Abbiategrasso is really just a stone throw from Milan. The super popular Naviglio Grande bike trail directly leads to Abbiategrasso. Cyclists can then turn North and continue towards Lago Maggiore or they can turn South towards Pavia. Most just turn around to Milan.
There were some funny people at the start of the race. Like this guy with an all-wood bike. Apparently he followed the entire Giro d’Italia. He liked my bike jersey, he said. And not only him: there was a woman who asked to take a picture of me. The Bavarian style attracts attention for sure.
Stage 20: Social cycling in Val d’Aosta
I decided not to attend the time trial due to the rain forecast. For stage 20, I then decided to manage my trip with the rain forecast. Thunderstorms were announced at about 16:00 for the stage finish. But no one said I would have to watch them on the last mountain. I turned things around. Having parked in Châtillon, I was close to the first two mountains of this penultimate stage of the Giro. Val d’Aosta is a French-speaking part of Italy. It’s also stunningly beautiful. This was my first time there in Summer. Spring. Without snow.
I went on the second climb first. There were many cyclists. Not as many as last year. Presumably it was too early still. Most of them also had the same plan as I: climb it and then continue to another spot. Just they all chose the final climb to Cervinia, whereas I chose to ride down to the first climb. I got a nice view of Monte Cervino (the Matterhorn) nonetheless.
Cycling with others on such occasions is big fun. It makes for very social riding. This time, I also bonded with Carlos from Barcelona. I met him about one third in the climb and then we rode together for the rest of it. We chatted and we motivated each other. As a result, I was only 33min slower than Felix Großschartner (Team Bora-Hansgrohe). He scored the fastest time on the climb on that day.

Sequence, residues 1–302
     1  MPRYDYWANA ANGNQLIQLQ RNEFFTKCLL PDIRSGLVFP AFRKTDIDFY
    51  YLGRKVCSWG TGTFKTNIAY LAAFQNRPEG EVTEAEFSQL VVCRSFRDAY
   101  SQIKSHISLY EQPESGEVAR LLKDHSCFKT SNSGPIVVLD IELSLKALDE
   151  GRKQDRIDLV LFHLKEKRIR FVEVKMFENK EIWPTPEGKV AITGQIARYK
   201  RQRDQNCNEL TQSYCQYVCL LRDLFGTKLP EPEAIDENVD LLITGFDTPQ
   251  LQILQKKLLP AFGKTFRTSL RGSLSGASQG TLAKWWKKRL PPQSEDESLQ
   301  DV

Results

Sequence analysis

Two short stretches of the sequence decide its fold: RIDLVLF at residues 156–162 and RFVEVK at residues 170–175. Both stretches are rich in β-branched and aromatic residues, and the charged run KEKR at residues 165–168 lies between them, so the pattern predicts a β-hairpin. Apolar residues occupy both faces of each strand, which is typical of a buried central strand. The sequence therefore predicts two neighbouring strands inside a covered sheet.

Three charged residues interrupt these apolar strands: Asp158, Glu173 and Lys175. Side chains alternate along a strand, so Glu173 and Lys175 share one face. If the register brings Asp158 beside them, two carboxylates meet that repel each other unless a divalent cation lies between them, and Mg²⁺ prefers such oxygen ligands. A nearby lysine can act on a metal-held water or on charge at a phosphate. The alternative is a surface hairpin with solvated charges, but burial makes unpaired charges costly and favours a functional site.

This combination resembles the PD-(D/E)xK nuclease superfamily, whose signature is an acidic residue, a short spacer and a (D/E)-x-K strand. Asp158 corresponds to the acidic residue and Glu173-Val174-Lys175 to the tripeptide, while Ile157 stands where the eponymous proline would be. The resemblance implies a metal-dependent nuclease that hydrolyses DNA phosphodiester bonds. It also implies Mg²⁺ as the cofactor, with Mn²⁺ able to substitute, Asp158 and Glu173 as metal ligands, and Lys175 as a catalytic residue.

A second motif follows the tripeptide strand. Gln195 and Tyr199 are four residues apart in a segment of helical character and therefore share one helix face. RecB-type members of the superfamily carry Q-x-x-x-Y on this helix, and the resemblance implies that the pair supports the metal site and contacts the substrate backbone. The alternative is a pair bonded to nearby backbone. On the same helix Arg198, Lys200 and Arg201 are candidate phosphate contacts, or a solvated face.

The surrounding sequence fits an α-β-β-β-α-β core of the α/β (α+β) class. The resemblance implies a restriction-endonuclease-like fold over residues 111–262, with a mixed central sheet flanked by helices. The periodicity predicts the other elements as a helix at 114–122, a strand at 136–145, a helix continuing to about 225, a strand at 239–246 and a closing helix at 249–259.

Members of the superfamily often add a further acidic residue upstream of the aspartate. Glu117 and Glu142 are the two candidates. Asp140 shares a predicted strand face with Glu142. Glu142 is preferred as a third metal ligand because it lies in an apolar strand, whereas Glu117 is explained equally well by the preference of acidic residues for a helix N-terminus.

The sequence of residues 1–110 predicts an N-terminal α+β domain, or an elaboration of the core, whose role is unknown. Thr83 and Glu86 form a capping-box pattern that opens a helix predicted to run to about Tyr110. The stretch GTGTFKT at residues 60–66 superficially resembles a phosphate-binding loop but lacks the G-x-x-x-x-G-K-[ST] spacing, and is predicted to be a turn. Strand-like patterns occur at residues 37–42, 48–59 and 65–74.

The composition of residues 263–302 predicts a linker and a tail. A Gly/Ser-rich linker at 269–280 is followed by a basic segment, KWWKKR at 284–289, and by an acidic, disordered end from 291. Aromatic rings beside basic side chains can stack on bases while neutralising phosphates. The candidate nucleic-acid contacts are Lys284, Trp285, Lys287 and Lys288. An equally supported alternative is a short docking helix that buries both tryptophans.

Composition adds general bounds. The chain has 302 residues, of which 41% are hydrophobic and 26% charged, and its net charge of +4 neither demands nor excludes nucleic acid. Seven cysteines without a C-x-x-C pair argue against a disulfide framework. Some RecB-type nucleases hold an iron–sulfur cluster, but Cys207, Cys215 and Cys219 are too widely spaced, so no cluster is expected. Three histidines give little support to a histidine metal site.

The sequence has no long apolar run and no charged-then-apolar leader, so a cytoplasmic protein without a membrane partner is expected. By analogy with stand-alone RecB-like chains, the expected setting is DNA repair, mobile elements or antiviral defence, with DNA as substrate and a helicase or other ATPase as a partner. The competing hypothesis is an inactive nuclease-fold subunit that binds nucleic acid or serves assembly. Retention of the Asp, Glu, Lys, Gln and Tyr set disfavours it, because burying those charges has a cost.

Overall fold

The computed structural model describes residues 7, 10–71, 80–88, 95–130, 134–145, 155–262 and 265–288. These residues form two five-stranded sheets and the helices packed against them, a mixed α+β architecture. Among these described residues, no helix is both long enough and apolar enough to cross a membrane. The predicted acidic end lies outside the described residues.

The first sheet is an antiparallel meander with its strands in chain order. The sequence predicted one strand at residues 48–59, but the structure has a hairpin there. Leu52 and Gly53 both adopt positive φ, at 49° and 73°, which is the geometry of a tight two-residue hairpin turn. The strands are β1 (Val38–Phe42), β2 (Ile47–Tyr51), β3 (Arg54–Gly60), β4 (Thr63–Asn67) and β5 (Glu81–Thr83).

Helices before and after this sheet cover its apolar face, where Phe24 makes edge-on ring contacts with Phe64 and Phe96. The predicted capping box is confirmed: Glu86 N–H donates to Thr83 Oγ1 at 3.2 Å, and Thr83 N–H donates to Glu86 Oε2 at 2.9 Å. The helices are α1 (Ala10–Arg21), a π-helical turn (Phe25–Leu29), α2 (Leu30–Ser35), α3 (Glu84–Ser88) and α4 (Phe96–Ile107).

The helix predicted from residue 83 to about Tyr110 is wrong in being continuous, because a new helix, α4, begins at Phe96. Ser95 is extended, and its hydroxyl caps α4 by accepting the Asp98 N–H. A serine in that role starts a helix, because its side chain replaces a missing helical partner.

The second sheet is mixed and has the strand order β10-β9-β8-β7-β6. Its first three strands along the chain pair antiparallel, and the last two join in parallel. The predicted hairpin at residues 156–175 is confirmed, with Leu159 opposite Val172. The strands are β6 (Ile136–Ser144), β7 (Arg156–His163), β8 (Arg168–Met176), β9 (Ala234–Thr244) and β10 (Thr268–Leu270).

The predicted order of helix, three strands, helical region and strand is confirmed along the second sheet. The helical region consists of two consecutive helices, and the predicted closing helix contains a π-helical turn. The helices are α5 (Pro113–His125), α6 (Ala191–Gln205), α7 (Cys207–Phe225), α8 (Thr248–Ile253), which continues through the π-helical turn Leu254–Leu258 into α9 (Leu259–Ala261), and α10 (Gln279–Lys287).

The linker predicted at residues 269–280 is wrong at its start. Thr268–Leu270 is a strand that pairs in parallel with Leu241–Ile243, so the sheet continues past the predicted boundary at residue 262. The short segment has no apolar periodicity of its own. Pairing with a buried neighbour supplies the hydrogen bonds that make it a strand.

After the summit, we parted. I started the descent earlier, while he waited for some other people from Barcelona that he met on the way up. That was pure coincidence; they had not coordinated their trips. He still might have passed me on the descent while I was busy taking photos and videos. Oh, videos… yes, I had the GoPro with me as well.
There was just enough space left on the SD card to catch the professionals coming up my position on the lower slopes of the Col Tzecore. I had found a fantastic spot. While I waited, I looked at the fortress of Verrès. I could look down on a switchback turn and then look sideways to another switchback turn. A few minutes after they passed, I saw them again on the rising road above. As it was the first climb, it was not very busy. I had a perfect first-row spot.
When the last car of the race convoi had left, I followed the direction of the professionals to complete my route. I didn’t go all the way up to the Tzecore, but took a short-cut via another (lower and less steep) pass on the same ridge. People were still on the side of the road and cheered to me like they did to the professionals. “Sono l’ultimo”, I said a few times. I’m the last. And we all had a blast.